Last MInute News, Rumors etc.:
(Updated regularly if or when needed) -
Setting the Stage:
Cards edged GB in OT in what some historically-challenged pundits have termed "a game for the ages." (True, a lot of weird stuff happened - from a coin that didn't flip to the two GB Hail Mary's to the PP21 100-yard Pick 6 that got called back, the Palmer across-the-field throw to Fitz to the final shovel pass winner). We think some of those weirder heroics were the outgrowth of poor decision-making and sloppy execution by the Cards on both sides of the ball.
Meanwhile, the Panteras came out of the box smokin' to open up a 31 - 0 halftime lead vs. a Seattle team that already been anointed "the NFL team other teams would least have to face." They then hung on to withstand a savage Seattle second-half onslaught to preserve a 31 - 24 win.
Carolina is just about universally favored to win this playoff game - based on talent, past performance and record. But the nice thing about playoff and championship games is that it all boils down to 60-minutes of 11 elite athletes banging away at 11 other elite athletes on the field at any given point of time. Within that context anything can happen - from funky calls by the refs to weird decision-making or play-calling to a a key injury to an oblong leather ball that bounces funny.
What we do know is that, when both teams execute to potential, they both can post 30+ points. Carolina probably runs the ball better, has the better pass rush and is more adept at stopping the run. Their QB is more physical and more mobile than Carson Palmer, (but Carson has been known to be scary-accurate deep). The Cards figure to have a broader array of receiving weapons and a secondary that does a better job of defending vs. the pass. Finally, there are few if any better play-callers in the NFL than runce Bruce Arians..
Panthers Last Game
Panteras shot out of the gate, quickly built up a 31 - 0 halftime lead and then hung on in the 2H to post a 31 - 24 win over a highly regarded Seahawks team.
Carolina received & Webb returned the KO to their own 25. It took four plays to score a TD - starting with a 59-yard burst off left guard by Jonathon Stewart. Three plays later, Stewart went 4 yards up the middle for Carolina's first TD. Panteras 7 - Seattle 0.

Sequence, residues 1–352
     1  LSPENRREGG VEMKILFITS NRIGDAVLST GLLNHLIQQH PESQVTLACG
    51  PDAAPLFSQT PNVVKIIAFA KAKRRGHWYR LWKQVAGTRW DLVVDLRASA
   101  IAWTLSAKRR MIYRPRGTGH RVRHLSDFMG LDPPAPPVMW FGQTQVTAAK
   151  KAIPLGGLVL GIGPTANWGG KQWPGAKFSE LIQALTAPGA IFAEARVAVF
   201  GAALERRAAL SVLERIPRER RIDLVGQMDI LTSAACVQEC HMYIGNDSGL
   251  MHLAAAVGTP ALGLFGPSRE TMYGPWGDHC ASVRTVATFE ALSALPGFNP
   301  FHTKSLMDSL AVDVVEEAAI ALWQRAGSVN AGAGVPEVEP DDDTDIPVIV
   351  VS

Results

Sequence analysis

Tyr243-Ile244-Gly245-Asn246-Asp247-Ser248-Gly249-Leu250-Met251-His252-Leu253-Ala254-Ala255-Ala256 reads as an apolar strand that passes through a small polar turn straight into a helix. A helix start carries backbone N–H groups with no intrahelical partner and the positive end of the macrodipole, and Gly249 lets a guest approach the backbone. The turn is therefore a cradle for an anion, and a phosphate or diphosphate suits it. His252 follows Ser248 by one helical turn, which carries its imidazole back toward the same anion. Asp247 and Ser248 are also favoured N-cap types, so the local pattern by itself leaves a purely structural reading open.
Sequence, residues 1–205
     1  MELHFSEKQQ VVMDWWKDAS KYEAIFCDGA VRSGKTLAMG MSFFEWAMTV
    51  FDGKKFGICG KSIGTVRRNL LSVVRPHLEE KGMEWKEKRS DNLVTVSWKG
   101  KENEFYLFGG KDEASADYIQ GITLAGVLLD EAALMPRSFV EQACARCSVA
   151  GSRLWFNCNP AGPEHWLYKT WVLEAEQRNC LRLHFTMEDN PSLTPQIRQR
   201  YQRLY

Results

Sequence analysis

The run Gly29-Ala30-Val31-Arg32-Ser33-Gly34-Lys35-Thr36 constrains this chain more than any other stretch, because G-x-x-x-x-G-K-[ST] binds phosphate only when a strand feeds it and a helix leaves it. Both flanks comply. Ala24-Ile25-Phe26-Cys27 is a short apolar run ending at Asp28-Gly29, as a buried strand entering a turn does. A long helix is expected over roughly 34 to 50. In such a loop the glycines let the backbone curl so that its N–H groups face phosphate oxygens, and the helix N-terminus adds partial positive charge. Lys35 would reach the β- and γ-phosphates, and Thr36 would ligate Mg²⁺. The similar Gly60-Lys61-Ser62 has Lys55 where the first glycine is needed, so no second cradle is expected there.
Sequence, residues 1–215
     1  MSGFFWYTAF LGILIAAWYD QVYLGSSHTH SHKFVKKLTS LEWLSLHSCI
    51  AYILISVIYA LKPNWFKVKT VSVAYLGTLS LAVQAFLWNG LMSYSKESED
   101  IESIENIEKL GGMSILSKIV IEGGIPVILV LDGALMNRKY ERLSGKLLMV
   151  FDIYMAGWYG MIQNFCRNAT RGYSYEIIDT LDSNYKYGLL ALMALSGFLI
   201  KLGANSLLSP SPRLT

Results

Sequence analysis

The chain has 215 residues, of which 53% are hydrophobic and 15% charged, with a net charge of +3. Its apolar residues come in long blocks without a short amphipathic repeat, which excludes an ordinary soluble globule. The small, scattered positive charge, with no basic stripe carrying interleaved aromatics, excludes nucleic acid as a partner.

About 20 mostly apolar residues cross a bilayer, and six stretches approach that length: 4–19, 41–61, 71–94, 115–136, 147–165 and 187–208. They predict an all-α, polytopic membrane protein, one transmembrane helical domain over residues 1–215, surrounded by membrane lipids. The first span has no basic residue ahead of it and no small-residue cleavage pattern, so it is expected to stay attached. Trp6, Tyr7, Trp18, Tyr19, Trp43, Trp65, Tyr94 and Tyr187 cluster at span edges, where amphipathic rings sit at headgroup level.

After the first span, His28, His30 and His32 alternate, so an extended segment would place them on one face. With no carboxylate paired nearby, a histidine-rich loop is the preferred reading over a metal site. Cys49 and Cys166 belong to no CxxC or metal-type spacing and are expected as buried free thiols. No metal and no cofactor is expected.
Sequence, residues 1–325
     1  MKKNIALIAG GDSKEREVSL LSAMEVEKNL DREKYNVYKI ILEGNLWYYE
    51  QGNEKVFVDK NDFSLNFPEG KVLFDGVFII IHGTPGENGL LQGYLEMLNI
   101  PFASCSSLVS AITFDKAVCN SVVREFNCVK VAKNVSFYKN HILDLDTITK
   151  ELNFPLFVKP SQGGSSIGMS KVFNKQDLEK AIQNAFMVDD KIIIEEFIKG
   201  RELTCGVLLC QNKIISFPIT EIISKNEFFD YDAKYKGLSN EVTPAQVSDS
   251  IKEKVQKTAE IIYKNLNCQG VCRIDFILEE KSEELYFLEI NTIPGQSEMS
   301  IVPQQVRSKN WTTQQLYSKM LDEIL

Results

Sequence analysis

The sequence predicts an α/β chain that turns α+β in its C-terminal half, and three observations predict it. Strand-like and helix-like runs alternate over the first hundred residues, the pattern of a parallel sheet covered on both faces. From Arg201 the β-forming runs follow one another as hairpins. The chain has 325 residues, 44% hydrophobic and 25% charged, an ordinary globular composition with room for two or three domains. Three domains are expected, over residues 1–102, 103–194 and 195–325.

Seattle returned the KO to its own 14. Two plays later, Wilson's pass for M Lynch was returned 14-yards by Kuechly for a Pick 6. Panteras 14 - Seattle 0.
KO returned to the Seahawk 25. A minus-10 yard sack by Short helped derail the Seahawk drive and force a punt from the Carolina 47. Punt was fair caught at the Carolina 14. Panteras mounted a 15 play drive that carried over to the next quarter. Key plays: A 27-yard completion to Olsen and a 16-yard completion over the middle to Dickson.
First Quarter Score: Panteras 14 - Seattle 0.
With the ball on the Seattle 5, Stewart ran off LT for +4 and then up the gut for a one-yard TD. Panteras 21 - Seattle 0.
TB on the KO. On the first play from scrimmage, A Wilson to Willson pass was picked off by Finnegan and returned to the Seattle 29. The Seahawks held Carolina to one yard and on 4th & 11, Gano's boot was good from 48. Panteras 24 - Seattle 0.
TB on the KO. A minus-8 yard sack by Boston contributed to a Seattle 3 & out. Punt from the Seattle 12 went out of bounds at the Pantera 46. A 17-yard completion to C. Brown and an 11-yard end-around gain by Ginn helped set up a 19-yard TD pass deep to Olsen. Panteras 31 - Seattle 0.